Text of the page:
Continent of opportunity: Can Russia compete with China in Africa?

A man cycles past a billboard which promotes the China-Africa summit meeting on a street in Beijing. Source: AP/ Greg Baker

A man cycles past a billboard which promotes the China-Africa summit meeting on a street in Beijing. Source: AP/ Greg Baker

Russia is stepping up cooperation with African countries, although Chinese companies are already actively operating on the continent. Russian and Chinese players will have to compete in all the key industries: mining, power generation, and oil and gas.

Russia will be increasing its cooperation with African countries, Deputy Industry and Trade Minister Georgy Kalamanov has said at the Russian-African business forum held on the sidelines of the Innoprom-2015 international industrial exhibition in Yekaterinburg.

“Trade with African countries is steadily on the rise. In 2014, it grew by 17 percent, to reach $12.5 billion,” said Kalamanov. Yet, he continued, “there is still a huge potential for increasing cooperation.”

For their part, delegates from Africa said that so far cooperation with Russia was local in nature, while the main interest in the continent came from China.


Rivalry with China?

The Angolan ambassador to Moscow, Joaquim Augusto de Lemos, said that his country’s major partners were Portugal, China, the U.S., Brazil and South Africa, while with Russia “trade links were not so extensive.” He went on to add that Angola had vast diamond and oil reserves.

According to Namibian ambassador to Russia Ndali-Che Kamati, however, Russian investors needed to take a longer-term approach to Africa, and it is naïve to expect instant returns. “Russian business should change its mindset. Some Russian businessmen want to make billions straight away, not millions,” he said.

Furthermore, there are Chinese companies already actively working on the African continent – though according to Yekaterina Dyachenko, managing director of the B2B-Export company, which among other things is engaged in promoting Russian exports to African countries, this is not a problem.

“Entering markets and continents where China is already present is not an issue in our relations with the People’s Republic,” said Dyachenko. The arrival of Russian companies, she added, will increase competition on the local market and, as a result, will bring prices down.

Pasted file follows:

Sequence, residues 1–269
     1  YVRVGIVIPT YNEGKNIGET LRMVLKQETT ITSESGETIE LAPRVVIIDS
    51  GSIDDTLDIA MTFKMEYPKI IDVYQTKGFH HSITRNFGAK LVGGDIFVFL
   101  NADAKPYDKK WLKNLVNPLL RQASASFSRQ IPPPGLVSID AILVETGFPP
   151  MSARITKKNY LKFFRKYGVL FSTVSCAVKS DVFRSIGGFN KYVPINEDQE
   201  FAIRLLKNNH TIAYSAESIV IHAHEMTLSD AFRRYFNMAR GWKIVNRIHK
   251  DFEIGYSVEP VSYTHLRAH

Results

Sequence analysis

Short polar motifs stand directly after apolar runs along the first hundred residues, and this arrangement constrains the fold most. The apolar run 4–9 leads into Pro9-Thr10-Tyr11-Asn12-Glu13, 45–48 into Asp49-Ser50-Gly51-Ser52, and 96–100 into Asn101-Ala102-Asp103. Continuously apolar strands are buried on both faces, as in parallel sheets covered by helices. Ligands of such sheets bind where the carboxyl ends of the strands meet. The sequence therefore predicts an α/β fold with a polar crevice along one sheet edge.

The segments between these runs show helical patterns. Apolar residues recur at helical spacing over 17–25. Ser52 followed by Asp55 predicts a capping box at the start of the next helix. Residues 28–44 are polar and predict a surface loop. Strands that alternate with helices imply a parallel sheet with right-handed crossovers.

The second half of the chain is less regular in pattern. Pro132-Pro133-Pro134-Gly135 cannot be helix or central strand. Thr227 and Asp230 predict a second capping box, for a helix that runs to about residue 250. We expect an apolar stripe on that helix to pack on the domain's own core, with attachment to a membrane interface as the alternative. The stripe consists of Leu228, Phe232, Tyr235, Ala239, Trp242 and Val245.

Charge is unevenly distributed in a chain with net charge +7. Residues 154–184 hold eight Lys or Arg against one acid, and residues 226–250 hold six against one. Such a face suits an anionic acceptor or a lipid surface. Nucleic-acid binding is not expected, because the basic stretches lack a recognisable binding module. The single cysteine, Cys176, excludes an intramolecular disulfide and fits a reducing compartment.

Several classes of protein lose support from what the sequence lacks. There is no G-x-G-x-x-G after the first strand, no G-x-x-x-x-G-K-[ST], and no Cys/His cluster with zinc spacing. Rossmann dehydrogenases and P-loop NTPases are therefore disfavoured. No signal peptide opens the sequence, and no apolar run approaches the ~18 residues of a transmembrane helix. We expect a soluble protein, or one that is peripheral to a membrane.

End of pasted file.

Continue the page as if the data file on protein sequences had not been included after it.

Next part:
Chances for Russia

One of the main problem industries in Africa, one which opens enormous opportunities for Russian companies, is power generation and distribution.

“In Kenya, only 25 percent of the population have access to electricity. A mere 10 years ago, the figure was just half of that,” said Gachao Kyuna, a member of the board of the Kenya Investment Authority. He went on to add that Kenya was planning to double its electricity production over the next five years.

Namibian ambassador to Russia Ndali-Che Kamati also underlined that his country was in need of investment in order to develop its energy infrastructure. “We need Russian companies that would participate, either through joint ventures or direct foreign investment, in the construction of power plants in our region, be it thermal power plants, or gas or even nuclear,” he said. In addition, he continued, Namibia needs investors in the oil and gas sector as it has offshore gas reserves waiting to be developed.

African delegates also spoke of the need to set up new enterprises in mining, agriculture and industry in general. “Angola wants to build an extensive infrastructure: roads, hydropower plants, buildings, airports,” Ambassador de Lemos said. He went on to add that Angola was importing a lot of consumer goods, so it was necessary to set up similar domestic production and this is where Russian companies could show initiative. 

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